Over the years, copyright law in the United States has become increasingly liberal toward the copyright owners. Modern copyright laws started a couple hundred years after Gutenberg invented the printing press in the fifteenth century. In 1662, Charles II, the king of Great Britain and Ireland, established the Licensing Act, creating a register of licensed books. This didn’t protect the creators of the work, but provided a monopoly to the Stationer’s Company to sell the works. In 1709, under the reign of Queen Anne, Britain established the first true copyright, known as the Statute of Anne. That act granted exclusive rights for twenty-one years, but this time to the authors instead of the publishers. Since then, copyright laws have been an issue of great controversy, revision, and debate.
In the United States, the founding fathers granted Congress the right to set copyright laws in the Constitution. Congress did so in 1790, stipulating that copyright holders should hold the rights to their works for fourteen years and had the right to renew once for a second fourteen-year term. After that, the works were in the public domain. Since then, the length of copyright has been repeatedly expanded. In 1831 it was extended to twenty-eight years with a fourteen-year renewal. In 1909 the renewal term was also expanded, to twenty-eight years. In 1976 it was expanded to the life of the creator of the work plus fifty years. In 1998 it grew to seventy years after the death of the work’s creator. This was later extended to ninety-five years. By this time, it became difficult to find just who owned the copyright, especially for obscure and out-of-print works. And copyrights have been applied to more and more types of works, including photographs, film, music, dramatic compositions, and eventually all published works, including computer programs, semiconductor chips, and online works. Nobody has to apply for copyright anymore—their works’ mere publication gives them all rights automatically.
Stanford professor and legal scholar Lawrence Lessig, who has advised Larry and Sergey on the matter, argues that this is unreasonable and that copyright laws have reached onerous levels that do more harm than good. He points out that in 1930, 10,027 books were published, and that 9,853 are now out of print, putting them out of reach of the public. But it’s almost impossible to determine which heirs, descendants, or corporations own the copyright to the vast majority of those books, which prevents them from being republished. Google, Lessig says, is trying to bring these books back to life. “Publishers don’t have a moral position to stand on,” he says. He describes Google Print this way: “The project promises to radically enhance our access to the past—to remind us of forgotten information. It is the greatest gift to knowledge since, well, Google.”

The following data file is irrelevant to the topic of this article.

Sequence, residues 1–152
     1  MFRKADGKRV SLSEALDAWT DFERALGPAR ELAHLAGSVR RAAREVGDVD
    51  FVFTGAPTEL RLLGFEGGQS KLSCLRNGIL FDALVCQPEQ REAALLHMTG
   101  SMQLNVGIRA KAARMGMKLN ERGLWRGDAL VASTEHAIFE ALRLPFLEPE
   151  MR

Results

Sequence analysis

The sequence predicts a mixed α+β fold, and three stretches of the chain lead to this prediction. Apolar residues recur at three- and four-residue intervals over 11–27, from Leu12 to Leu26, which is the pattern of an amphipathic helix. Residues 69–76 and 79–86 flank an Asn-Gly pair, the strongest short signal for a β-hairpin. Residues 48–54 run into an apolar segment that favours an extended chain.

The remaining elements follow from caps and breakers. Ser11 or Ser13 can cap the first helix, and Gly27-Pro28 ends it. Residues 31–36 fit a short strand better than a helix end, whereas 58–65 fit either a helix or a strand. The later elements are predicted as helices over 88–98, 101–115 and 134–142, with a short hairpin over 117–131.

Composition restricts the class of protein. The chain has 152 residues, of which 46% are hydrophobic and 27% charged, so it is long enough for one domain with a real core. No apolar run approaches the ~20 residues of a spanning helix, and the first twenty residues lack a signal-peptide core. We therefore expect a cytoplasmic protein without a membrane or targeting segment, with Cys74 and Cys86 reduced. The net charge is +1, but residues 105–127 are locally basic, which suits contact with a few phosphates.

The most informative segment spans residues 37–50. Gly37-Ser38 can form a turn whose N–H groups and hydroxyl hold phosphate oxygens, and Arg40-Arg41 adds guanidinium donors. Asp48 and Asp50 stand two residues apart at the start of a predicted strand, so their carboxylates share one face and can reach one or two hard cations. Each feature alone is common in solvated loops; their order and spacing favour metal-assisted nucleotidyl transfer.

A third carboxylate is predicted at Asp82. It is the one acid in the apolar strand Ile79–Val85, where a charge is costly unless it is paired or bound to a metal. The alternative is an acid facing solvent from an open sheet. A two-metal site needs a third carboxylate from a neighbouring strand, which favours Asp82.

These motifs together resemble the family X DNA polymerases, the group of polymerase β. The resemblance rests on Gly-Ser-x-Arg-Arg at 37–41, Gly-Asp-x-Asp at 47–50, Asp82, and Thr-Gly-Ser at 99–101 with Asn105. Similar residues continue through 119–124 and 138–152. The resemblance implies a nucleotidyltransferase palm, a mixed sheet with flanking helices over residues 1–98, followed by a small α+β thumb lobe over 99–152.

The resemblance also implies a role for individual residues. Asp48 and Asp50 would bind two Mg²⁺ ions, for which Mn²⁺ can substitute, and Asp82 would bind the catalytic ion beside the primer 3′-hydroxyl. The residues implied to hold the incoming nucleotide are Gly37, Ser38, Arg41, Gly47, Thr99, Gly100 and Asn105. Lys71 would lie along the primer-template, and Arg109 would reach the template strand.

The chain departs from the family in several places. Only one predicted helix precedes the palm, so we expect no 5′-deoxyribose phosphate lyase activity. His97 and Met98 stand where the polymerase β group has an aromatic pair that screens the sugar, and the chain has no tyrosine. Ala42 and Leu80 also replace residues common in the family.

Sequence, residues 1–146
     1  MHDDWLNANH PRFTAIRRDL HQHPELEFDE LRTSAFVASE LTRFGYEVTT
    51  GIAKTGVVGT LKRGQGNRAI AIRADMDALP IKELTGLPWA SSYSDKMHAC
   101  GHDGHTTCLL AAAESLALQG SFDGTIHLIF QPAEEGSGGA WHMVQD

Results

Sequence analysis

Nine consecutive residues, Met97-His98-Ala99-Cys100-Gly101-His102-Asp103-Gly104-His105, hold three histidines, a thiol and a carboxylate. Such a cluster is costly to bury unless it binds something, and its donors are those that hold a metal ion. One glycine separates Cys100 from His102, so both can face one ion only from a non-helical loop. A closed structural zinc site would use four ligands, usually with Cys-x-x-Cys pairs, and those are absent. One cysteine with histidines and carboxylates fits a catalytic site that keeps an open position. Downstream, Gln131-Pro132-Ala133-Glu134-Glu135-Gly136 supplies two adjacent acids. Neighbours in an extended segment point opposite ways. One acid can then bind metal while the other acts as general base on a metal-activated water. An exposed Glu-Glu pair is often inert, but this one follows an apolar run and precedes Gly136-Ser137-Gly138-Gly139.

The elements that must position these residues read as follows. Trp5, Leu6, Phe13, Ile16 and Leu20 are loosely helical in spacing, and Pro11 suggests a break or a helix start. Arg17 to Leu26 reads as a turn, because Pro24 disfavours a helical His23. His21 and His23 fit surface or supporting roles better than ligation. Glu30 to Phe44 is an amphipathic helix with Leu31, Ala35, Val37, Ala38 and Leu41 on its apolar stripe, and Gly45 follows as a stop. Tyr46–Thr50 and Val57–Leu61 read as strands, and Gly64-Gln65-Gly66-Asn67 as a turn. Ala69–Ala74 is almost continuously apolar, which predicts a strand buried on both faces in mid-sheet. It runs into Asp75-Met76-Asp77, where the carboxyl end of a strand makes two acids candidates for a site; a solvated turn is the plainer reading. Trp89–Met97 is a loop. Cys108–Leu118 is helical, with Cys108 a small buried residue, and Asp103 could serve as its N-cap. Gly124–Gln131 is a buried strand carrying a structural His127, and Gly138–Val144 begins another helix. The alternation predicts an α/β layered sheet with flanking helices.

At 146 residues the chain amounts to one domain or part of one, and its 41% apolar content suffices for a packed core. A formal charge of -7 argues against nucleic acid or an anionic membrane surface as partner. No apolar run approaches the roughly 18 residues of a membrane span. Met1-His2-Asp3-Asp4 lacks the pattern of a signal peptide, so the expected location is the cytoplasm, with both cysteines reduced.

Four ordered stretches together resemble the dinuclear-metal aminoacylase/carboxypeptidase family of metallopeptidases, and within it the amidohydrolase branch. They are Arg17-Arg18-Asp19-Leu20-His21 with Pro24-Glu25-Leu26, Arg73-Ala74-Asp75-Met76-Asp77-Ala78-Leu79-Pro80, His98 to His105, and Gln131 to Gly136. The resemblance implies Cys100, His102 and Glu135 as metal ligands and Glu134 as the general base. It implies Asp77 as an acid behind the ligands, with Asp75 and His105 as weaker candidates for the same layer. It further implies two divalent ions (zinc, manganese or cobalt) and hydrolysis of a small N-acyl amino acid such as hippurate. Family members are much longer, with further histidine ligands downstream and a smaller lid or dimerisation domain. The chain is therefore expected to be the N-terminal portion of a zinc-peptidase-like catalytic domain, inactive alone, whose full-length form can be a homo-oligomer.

The big problem with current copyright law, Lessig argues, is that people can no longer create derivative works, a long-standing approach to creating new work. Shakespeare’s works are repeatedly used as inspiration, such as for the Broadway musical West Side Story, a retelling of Romeo and Juliet. Disney has been a powerful force in lobbying for extended copyright, preventing anyone from reproducing Mickey Mouse or creating a derivative character. Ironically, Mickey Mouse was itself a derivative work. The first Mickey cartoon, Steamboat Willie, from 1928, was itself a parody of a Buster Keaton movie, Steamboat Bill, Jr., which was created the same year—despite the fact that U.S. copyrights were extended to films in 1912.
Book publishers have a problem with Google’s ambitions to index all the world’s books. Google promised that it would respect any copyright, as long as it could figure out who held it. There is no comprehensive registry of copyright, but the copyright owner could come forward and claim the work, subjecting it to the same terms as works still in print. This wasn’t good enough for publishers. On October 19, 2005, the Authors Guild and the Association of American Publishers, the latter representing five major publishers—including Penguin Group (USA) Inc., the parent company of the publisher of this book—filed a lawsuit against Google, arguing that the plan to digitize, search, and show snippets of copyrighted books was illegal. The argument was that Google should find the copyright holders themselves, a task that Google said would be prohibitively expensive.
Google’s view has been that the Online Copyright Infringement Liability Limitation Act of 1997, which became Title II of the Digital Millennium Copyright Act of 1996, protects its efforts, since the act states that online publishers are obligated to remove copyrighted material only after copyright owners ask them to do so. But many experts disagree with this view, insisting that it applies only to sites where users post copyrighted works on a site owned by someone else, such as YouTube.
At Google’s annual shareholders meeting in 2004, Google lawyer David Drummond said, “We do run into a lot of areas where our innovation bumps up against laws that were not designed for the world we now live in. Sometimes others don’t share our commitment [to change]. Trademark and copyright laws are two areas where we have legitimate disagreements [with existing companies and lawmakers].”
In October 2005, Eric Schmidt wrote an op-ed piece in the Wall Street Journal titled “Books of Revelation.” In it, he argued that for most books, the amount of information available through Google Book Search would be comparable to a library card catalog. The lawsuit by the publishers would keep 60 percent of existing books out of Google’s library. “We find it difficult to believe that authors will stop writing books because Google Print makes them easier to find, or that publishers will stop selling books because Google Print might increase their sales,” wrote Schmidt.1 He argued that book sales would increase and that people in developing countries would have access to information they could not possibly get any other way.